European Parliament renews call for arms embargo on Saudi Arabia the day after Theresa May visits the country

The PM has refused to end arms sales

Children sit amidst the rubble of a house hit by Saudi-led coalition planes
Children sit amidst the rubble of a house hit by Saudi-led coalition planes

The European Parliament has renewed its call for an EU-wide arms embargo against Saudi Arabia the day after Theresa May visited the country with a pledge to build a close relationship with its regime.

MPs voted by 368 to 221 to back an embargo against the autocratic petrostate, whose intervention in Yemen has been blamed for causing thousands of civilian deaths and exacerbating a severe shortage of food.

The UK is one of Saudi Arabia’s biggest arms suppliers, having sold £4.6 billion worth of controlled arms since the bombardment of Yemen started in 2015. Of that figure, £1.9 billion is said by the Government to be bombs or missiles and £2.7 billion worth is aircraft.

20.7 million people in Yemen are in need of humanitarian assistance in the country, with over 7 million on the verge famine.

The country is being wracked by a civil war between the Saudi-backed and internationally recognised government and Iranian-backed Houthi rebels.

Saudi forces have been widely accused of committing war crimes during the campaign in the country, where reports on the ground suggest they have blown up international hospitals, funerals, schools, and weddings. Peace talks led by the UN have been frozen since August 2016 after no agreement was made.

Speaking in a debate ahead of the vote, Christos Stylianides, the European Commissioner for humanitarian aid, told the Parliament that Saudi Arabia was preventing aid from getting through despite a looming famine.

“We do understand Saudi Arabia’s security concerns. At the same time the new measures taken by the Coalition are having a severe impact on the delivery of lifesaving assistance,” he said.

“Commercial goods cannot enter the areas beyond the government’s control. most Yemenis no longer have the means to get food or fuel. Such escalation has worsened an already dire humanitarian situation.”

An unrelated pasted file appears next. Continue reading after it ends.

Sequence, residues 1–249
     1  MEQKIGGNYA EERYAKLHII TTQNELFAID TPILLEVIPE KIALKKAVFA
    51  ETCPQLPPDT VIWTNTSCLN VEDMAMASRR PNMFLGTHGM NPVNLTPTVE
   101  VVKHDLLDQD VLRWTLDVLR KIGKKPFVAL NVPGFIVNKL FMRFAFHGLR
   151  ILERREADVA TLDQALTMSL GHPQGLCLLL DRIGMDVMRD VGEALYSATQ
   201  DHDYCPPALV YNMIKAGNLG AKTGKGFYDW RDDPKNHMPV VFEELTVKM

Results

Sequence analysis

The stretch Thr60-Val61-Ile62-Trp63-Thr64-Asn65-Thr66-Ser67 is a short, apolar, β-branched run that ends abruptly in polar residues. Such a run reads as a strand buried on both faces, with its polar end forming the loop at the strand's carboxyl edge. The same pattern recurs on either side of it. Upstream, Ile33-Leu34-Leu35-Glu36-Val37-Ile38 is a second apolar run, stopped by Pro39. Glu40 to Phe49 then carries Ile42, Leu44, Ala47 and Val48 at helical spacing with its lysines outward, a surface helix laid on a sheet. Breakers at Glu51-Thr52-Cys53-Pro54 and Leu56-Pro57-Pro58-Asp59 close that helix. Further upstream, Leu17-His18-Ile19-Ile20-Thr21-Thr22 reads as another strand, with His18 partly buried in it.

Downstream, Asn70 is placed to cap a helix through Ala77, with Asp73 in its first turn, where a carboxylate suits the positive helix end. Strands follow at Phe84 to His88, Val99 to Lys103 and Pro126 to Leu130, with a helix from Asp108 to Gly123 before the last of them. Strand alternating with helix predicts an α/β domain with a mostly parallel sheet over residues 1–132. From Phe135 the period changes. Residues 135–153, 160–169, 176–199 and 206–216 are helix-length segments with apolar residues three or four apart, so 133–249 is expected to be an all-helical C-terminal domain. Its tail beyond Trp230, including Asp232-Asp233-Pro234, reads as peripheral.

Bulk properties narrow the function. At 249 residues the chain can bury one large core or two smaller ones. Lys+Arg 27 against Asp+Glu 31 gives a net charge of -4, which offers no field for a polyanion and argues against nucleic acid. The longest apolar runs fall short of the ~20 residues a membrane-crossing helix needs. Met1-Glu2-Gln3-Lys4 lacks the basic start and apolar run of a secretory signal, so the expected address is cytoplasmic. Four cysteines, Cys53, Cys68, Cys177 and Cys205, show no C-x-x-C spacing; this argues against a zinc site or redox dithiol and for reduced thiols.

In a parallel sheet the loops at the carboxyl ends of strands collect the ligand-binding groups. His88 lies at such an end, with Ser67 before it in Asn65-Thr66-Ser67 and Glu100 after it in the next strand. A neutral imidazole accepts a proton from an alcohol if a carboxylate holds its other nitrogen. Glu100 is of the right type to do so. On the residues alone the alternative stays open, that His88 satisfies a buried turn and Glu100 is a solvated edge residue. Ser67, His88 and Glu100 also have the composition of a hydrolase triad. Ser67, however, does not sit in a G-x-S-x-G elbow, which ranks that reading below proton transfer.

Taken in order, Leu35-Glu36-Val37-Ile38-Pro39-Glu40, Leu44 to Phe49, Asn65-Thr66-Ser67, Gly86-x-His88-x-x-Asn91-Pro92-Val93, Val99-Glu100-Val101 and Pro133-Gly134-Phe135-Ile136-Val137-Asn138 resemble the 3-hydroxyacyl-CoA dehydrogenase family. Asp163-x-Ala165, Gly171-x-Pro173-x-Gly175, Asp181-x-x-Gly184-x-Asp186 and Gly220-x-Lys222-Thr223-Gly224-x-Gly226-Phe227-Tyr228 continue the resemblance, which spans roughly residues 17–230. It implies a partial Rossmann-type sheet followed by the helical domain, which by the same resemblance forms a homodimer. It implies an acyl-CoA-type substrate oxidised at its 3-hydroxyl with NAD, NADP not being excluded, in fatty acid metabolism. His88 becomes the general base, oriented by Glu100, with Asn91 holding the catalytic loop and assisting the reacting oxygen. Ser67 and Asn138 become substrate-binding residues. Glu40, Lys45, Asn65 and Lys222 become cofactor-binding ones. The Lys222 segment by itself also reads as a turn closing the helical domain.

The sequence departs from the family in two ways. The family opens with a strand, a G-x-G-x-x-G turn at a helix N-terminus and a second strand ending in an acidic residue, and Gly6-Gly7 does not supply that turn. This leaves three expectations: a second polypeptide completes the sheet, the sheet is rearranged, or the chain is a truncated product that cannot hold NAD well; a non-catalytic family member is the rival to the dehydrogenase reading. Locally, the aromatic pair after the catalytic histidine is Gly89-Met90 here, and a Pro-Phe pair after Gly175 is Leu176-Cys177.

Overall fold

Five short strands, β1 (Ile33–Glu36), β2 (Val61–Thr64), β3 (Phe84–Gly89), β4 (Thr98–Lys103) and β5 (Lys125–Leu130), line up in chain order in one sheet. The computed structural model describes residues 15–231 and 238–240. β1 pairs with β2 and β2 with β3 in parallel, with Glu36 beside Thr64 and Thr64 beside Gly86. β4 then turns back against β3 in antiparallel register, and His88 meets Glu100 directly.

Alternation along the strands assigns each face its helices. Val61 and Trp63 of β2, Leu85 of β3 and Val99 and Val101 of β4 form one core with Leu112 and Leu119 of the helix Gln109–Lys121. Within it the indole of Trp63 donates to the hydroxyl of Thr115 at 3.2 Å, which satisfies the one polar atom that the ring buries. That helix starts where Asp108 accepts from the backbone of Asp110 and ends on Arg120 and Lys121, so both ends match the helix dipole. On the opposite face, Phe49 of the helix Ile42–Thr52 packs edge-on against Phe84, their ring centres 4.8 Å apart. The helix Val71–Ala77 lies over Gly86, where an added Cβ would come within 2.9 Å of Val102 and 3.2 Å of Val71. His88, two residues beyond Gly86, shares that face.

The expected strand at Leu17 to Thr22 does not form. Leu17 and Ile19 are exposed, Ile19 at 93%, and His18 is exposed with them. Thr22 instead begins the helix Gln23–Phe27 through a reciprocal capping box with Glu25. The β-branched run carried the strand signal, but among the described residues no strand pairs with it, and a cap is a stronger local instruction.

Victor Boștinaru, a Socialist group MEP, said: “In Yemen, one of the poorest countries in the world, war and famine continue will impunity, and civilians die under bombs of one of the richest countries in the world, Suaid Arabia, the country we are continuing to sell arms to and offer support.

“The other side of the story is that while we are turning a blind eye and while some are shamefully choosing sides, Saudi Arabia and Iran are turning Yemen into a misery.”

MEPs backed the call for an arms embargo (REUTERS)

Crucially the centre-right European People’s Party did not back the motion calling for the arms embargo, though it did support a less specific motion calling for a new round of peace negotiations.

The Parliament's renewal of a call follows the call by two British parliamentary committees which also called for a ban.

The Prime Minister on Thursday defended her friendly visit to Saudi Arabia, telling reporters who accompanied her on her visit that she was “very concerned about the humanitarian situation in Yemen” but that “building our relationship with [Saudi Arabia] enables us to get that greater knowledge and understanding which enables us to address issues which are of concern to us”.

Andrew Smith of Campaign Against Arms Trade said: “The European Parliament has sent a clear, strong and unambiguous message to governments like the UK, that have been utterly complicit in the destruction of Yemen. European arms have played a central role in the bombardment. The situation has become even worse over recent months with the devastating blockade of Yemeni ports, and the worst cholera outbreak on record.

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